Triston Chaney, a Yupik and Athabaskan resident of Dillingham, began fishing on his grandpa’s gillnetter in Bristol Bay when he was 9 years old. He was too young to be on the deck picking salmon from the net, so his grandpa had him count fish as they came aboard. The two have been fishing together every season since.
Chaney is now 21 years old, and commercial fishing is only one aspect of his relationship with salmon. His dad taught him how to fly-fish when he was young, and he fell in love with the sport early in high school. Before the commercial fishing season, Chaney and his family put out a beach set-net to gather food for the year to come. First, they target kings and, then, sockeyes. Triston’s grandma splits the fish and the family helps hang them in the smokehouse.
“When the salmon are running, we can catch all we want pretty quickly. We keep what we need and then share the rest with some of the old-timers and people not as fortunate as us,” Chaney said over the phone when he was taking a break from mending nets and getting his grandpa’s boat ready for the 2020 sockeye season.
Sockeyes are commonly called “reds” due to the color their skin turn shortly before they spawn. The flesh of sockeye is also the reddest of all species of salmon—and its high oil content and delicious taste makes it many folks’ favorite fish to eat. More than that, though, sockeye are a living metaphor telling of a connection to the people of Bristol Bay that goes back beyond memory. Sometimes, when the sockeye spawn in the clear water of lakes, rivers and streams, they look like blood moving through veins made of water.
“Everything revolves around fish here,” Chaney said.
Chaney is tied to his family and the land in a way that is becoming rarer in our ever-increasingly industrialized world. His first memories are of hunting spruce chickens (spruce grouse) with his grandpa — from his beginning he was harvesting wild food that he would share with family and others in his community. During the fall and winter, he studies Diesel/Heavy Duty Mechanics at the University of Alaska Southeast. After he graduates, he plans to live in Bristol Bay year-round and do what he loves most: fish. Chaney’s favorite fish to eat is king salmon, especially the smoked bellies, though sockeye comes in a close second. His favorite fish overall is the grayling. His favorite fish to catch is a rainbow trout while using a mouse fly.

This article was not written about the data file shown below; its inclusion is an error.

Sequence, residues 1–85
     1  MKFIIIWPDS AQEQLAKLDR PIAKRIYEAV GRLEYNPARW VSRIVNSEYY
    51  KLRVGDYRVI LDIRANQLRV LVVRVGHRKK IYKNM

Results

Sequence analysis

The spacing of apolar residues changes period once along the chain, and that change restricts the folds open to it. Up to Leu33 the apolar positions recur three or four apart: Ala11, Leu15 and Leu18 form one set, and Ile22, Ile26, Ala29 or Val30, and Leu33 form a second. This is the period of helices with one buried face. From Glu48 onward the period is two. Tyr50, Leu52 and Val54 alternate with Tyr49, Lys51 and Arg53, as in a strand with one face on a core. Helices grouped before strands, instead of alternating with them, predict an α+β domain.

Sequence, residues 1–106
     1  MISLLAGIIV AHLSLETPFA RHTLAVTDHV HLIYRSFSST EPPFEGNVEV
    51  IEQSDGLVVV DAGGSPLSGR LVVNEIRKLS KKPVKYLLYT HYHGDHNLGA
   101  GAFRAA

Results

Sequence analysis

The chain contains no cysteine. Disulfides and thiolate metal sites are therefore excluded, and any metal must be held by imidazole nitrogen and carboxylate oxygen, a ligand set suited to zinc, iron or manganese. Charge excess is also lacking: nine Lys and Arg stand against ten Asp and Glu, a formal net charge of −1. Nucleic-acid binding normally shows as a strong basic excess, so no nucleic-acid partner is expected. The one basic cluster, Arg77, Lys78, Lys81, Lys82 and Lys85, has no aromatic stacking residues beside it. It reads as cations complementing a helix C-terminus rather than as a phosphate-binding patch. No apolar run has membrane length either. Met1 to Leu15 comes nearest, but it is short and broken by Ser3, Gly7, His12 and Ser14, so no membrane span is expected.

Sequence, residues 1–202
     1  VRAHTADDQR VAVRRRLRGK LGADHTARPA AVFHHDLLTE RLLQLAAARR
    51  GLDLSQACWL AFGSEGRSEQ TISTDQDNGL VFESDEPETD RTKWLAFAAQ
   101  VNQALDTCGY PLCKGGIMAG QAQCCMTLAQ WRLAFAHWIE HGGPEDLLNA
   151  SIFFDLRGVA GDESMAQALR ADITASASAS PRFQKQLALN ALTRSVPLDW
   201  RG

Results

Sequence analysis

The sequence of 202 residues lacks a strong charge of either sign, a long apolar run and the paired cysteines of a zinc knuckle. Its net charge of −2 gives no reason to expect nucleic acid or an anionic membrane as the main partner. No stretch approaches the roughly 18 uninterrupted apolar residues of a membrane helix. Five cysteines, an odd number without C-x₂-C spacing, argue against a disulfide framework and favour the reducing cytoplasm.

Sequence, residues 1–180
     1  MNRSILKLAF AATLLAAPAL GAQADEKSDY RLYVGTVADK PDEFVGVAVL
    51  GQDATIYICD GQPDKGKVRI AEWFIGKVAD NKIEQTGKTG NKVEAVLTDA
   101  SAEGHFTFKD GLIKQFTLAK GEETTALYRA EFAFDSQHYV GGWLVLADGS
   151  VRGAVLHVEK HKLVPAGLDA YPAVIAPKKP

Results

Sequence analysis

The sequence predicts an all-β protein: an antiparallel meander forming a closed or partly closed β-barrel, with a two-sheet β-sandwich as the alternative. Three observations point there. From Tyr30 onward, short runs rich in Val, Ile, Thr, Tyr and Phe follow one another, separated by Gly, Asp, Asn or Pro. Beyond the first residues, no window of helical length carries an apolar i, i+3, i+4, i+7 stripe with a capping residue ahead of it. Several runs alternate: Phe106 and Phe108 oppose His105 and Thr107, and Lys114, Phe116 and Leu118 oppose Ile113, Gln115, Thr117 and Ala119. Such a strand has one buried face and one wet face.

“A rainbow will demolish a mouse fly,” Chaney said, reflecting on his love of fly fishing. “So much goes into fly fishing. It’s all about the intricacies. The choices. The cast. The fight is better on a fly rod.”
Last year, after the commercial sockeye season, Chaney began guiding visiting anglers for Bear Trail Lodge in King Salmon — a community on the east side of Bristol Bay, about 50 miles from Dillingham. King Salmon attracts multitudes of visitors who want to experience the region’s incredible fishing, bear viewing and hunting opportunities. For many of his clients, Bristol Bay represents the fulfilment of the Alaskan dream. Whether people want to watch brown bears or catch giant rainbows, it’s a special experience.
“There’s such a diversity of life here. It’s wild how many different species of fish you can catch in a day,” Chaney said.
Chaney plans to further his career guiding fly-fishing trips and to chase fish on his free time. For him, there’s no better place than his people’s homeland, and that’s a big reason he’s a vocal opponent to the Pebble Mine, a massive, open-pit gold and copper mine, toxic waste dump and industrial complex proposed to be built near the headwaters of critical rivers draining into Bristol Bay.
“We don’t like Pebble. We don’t want it. They couldn’t have picked a worse spot to dig a big hole. This could damage our whole lives. Life here revolves around fish and if that went away…” Chaney said, his voice trailing off into silence.
Chaney has been to Washington, D.C., twice to lobby against Pebble. Both times were nerve-wracking experiences — Chaney likened it to having to speak in front of a large group of people but 10 times more intense, “because the people you’re trying to show how bad the mine could be to the region can actually make a difference. I met a lot of cool people and learned a ton. I’m glad I did it and would do it again in a heartbeat to protect Bristol Bay.”
On June 16, Chaney and his grandpa launched their boat in the Nushagak River to be ready when the sockeye fishery opens. The boatyards are bustling, though Bristol Bay fishermen face even more uncertainties than normal. Chaney is concerned with low water in lakes, rivers and streams coupled with the forecast for a hot summer. Last summer the region, and much of Alaska, experienced similarly unusual patterns, and there was a massive die off of fish that were “cooked” by how warm the water became. Chaney and other fishermen noted the tide rips were full of unspawned dead salmon. There’s the pandemic, too. Fish process workers, vital to Bristol Bay’s $1.5 billion fishery, live and work in close quarters that make them more susceptible to contracting the virus. And then, there’s the Pebble Mine, which is on track to be permitted, against scientific findings and against the will of the majority of Alaskans, right in the middle of the commercial fishing season.
One thing’s for sure, though — come rain, shine or whatever fate has in store, Chaney will be fishing. He hopes to guide fly-fishermen for Bear Trail Lodge after the commercial season but, if that doesn’t work out, Chaney didn’t have to think long about his alternative plans.
“I think I’d like to go on some sort of long fishing trip,” he said.
• Pride of Bristol Bay is a free column written by Bjorn Dihle and provided by its namesake, a fisherman direct seafood marketer that specializes in delivering the highest quality of sustainably caught wild salmon from Bristol Bay to your doorstep. It appears monthly in the Empire.